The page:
When a storm stood still

Kayla Gahagan Rapid City Journal correspondent 

It was at the end of a long day on June 1 when Bonny Fleming and her boyfriend, Aaron Woodward, had a suspicion that the storm clouds approaching Rapid City from the north could be something memorable.

“We had just mowed the lawn and we were sitting there on the couch, tired,” Fleming said.

Fleming, a local photographer, and Woodward, a storm chaser, got on their phones and looked up the trajectory of the storm. The location of the impending thunderstorm persuaded them to jump in the car and get closer.


The couple drove to Deadwood Avenue and parked near Black Hills Harley Davidson. It wasn’t long before other vehicles stopped near the same location, including a handful of professional storm chasers who immediately unpacked their fancy gear and waited.

“They said they were in the area and it was the best storm of the day,” Fleming said. “One crew had chased it from Colorado and ended up where we were. It was kind of fun to meet all these professional storm chasers. We talked about their journey.”

Fleming took a video of the storm with her cellphone, tying it to a tripod with a hair tie.

“I’m a photographer, so if it looks cool I want to shoot it,” she said. “But I’ve never taken the time to understand how storms work. I knew something was happening, but I didn’t expect that.”

As a super cell descended over the Piedmont area, Fleming decided to record 45 minutes of the storm and show it later as a time-lapse. The resulting 24-second video is a startling record of a remarkable weather event.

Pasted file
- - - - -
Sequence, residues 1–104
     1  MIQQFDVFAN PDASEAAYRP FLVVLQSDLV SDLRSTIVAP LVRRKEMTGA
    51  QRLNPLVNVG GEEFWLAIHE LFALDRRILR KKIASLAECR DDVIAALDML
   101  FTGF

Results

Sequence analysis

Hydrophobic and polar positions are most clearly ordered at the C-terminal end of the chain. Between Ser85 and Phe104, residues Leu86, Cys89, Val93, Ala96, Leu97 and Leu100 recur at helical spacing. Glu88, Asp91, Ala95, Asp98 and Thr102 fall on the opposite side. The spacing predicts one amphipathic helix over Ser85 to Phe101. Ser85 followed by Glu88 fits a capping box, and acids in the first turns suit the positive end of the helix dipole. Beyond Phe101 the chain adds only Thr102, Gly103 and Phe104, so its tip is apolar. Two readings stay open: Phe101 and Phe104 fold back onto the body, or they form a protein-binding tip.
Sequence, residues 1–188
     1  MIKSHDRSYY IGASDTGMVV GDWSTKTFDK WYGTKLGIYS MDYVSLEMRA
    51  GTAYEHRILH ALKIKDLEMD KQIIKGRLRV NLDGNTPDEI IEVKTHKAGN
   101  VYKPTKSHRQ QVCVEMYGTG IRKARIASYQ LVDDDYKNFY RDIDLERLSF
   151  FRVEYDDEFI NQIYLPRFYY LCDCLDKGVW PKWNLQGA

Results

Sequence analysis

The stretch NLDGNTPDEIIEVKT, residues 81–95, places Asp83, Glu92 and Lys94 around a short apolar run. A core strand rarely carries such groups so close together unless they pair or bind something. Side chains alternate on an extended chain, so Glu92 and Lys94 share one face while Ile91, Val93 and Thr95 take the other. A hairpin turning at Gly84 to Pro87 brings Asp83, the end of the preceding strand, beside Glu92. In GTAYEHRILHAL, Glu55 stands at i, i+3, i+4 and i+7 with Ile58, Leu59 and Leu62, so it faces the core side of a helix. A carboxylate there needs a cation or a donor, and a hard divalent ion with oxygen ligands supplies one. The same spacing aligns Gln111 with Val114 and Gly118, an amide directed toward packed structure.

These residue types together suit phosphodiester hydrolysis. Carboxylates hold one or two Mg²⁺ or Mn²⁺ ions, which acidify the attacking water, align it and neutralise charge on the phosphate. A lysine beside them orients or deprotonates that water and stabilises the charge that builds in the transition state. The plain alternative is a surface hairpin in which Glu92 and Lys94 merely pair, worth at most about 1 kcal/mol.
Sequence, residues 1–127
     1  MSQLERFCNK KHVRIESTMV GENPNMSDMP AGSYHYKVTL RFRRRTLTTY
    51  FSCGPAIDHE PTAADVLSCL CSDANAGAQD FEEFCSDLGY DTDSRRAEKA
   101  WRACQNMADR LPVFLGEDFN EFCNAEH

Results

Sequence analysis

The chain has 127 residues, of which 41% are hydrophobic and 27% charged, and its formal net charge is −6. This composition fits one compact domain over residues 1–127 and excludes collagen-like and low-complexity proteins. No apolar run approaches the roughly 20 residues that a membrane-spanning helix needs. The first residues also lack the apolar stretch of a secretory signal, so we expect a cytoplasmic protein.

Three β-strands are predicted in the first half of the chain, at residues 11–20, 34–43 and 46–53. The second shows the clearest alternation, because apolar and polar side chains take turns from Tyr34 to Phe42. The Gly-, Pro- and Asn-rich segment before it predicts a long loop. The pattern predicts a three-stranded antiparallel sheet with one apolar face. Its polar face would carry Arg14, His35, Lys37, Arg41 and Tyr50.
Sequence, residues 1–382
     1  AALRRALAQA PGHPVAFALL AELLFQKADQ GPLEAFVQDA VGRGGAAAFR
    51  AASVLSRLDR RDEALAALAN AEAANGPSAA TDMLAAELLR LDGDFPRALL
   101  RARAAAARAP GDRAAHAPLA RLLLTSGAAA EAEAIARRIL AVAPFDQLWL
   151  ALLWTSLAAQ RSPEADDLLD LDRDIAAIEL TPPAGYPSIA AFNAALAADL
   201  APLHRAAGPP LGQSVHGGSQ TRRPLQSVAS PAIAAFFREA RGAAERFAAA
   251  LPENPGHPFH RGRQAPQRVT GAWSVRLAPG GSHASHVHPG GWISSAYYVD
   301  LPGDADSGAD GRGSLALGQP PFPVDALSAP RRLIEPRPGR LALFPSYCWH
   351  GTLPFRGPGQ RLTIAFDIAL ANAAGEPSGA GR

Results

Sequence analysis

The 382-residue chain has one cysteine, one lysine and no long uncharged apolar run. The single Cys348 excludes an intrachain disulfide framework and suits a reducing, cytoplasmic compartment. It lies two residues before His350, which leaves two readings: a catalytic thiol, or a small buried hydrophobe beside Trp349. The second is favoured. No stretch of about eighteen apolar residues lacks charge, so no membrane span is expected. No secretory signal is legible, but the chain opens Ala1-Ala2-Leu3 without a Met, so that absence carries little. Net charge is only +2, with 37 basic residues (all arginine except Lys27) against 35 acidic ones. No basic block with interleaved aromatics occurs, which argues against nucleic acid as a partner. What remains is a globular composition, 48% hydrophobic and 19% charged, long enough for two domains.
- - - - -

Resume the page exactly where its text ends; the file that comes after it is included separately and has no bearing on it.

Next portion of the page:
It was unique in the way it just sat there for two hours,” she said. “I didn’t know the storm would be so amazing.”

The powerful storm shut down a 20-mile stretch of Interstate 90 north of Rapid as up to a foot of water flooded some of the roadway. Stranded motorists waited for the storm to abate as it pummeled nearby Piedmont with golf ball- and softball-sized hail.

Fleming captured it all on her cellphone, resulting in a video so impressive it immediately went viral, was picked up by national news media and propelled her name into the national news media and blogosphere.

“It’s that 15 minutes of fame thing,” Fleming said, laughing. “I just put it up on Facebook and by the time we got home it had been shared or liked more than a thousand times.”

NBC contacted her to ask permission to use the video. CBS and ABC’s national programs followed, and Fleming’s video was featured on the “Today” Show the following morning.

Fleming hopes it will lead to bigger things. “It was an along the road, cool thing that happened,” she said.

Later this summer, Fleming and her daughter will head out on a 5,000-mile road trip. She will photograph and blog about the trip along the way. “The serendipitous part of me says I have a whole new audience and maybe it will lead to other things,” she said.

To watch the video, visit youtube.com/watch?v=CrQ_6H_mXFQ.

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